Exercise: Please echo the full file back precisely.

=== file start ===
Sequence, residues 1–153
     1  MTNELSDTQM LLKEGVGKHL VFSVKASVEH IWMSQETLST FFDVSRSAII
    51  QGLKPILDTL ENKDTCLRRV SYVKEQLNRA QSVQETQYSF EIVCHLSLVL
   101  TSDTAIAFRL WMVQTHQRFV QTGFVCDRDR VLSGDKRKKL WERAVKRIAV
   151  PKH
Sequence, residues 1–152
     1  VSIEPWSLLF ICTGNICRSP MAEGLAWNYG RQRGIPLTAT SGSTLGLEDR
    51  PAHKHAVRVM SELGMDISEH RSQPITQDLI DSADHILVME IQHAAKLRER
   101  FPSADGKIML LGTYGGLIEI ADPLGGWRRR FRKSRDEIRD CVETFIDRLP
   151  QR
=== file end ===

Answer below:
Sequence, residues 1–153
     1  MTNELSDTQM LLKEGVGKHL VFSVKASVEH IWMSQETLST FFDVSRSAII
    51  QGLKPILDTL ENKDTCLRRV SYVKEQLNRA QSVQETQYSF EIVCHLSLVL
   101  TSDTAIAFRL WMVQTHQRFV QTGFVCDRDR VLSGDKRKKL WERAVKRIAV
   151  PKH
Sequence, residues 1–152
     1  VSIEPWSLLF ICTGNICRSP MAEGLAWNYG RQRGIPLTAT SGSTLGLEDR
    51  PAHKHAVRVM SELGMDISEH RSQPITQDLI DSADHILVME IQHAAKLRER
   101  FPSADGKIML LGTYGGLIEI ADPLGGWRRR FRKSRDEIRD CVETFIDRLP
   151  QR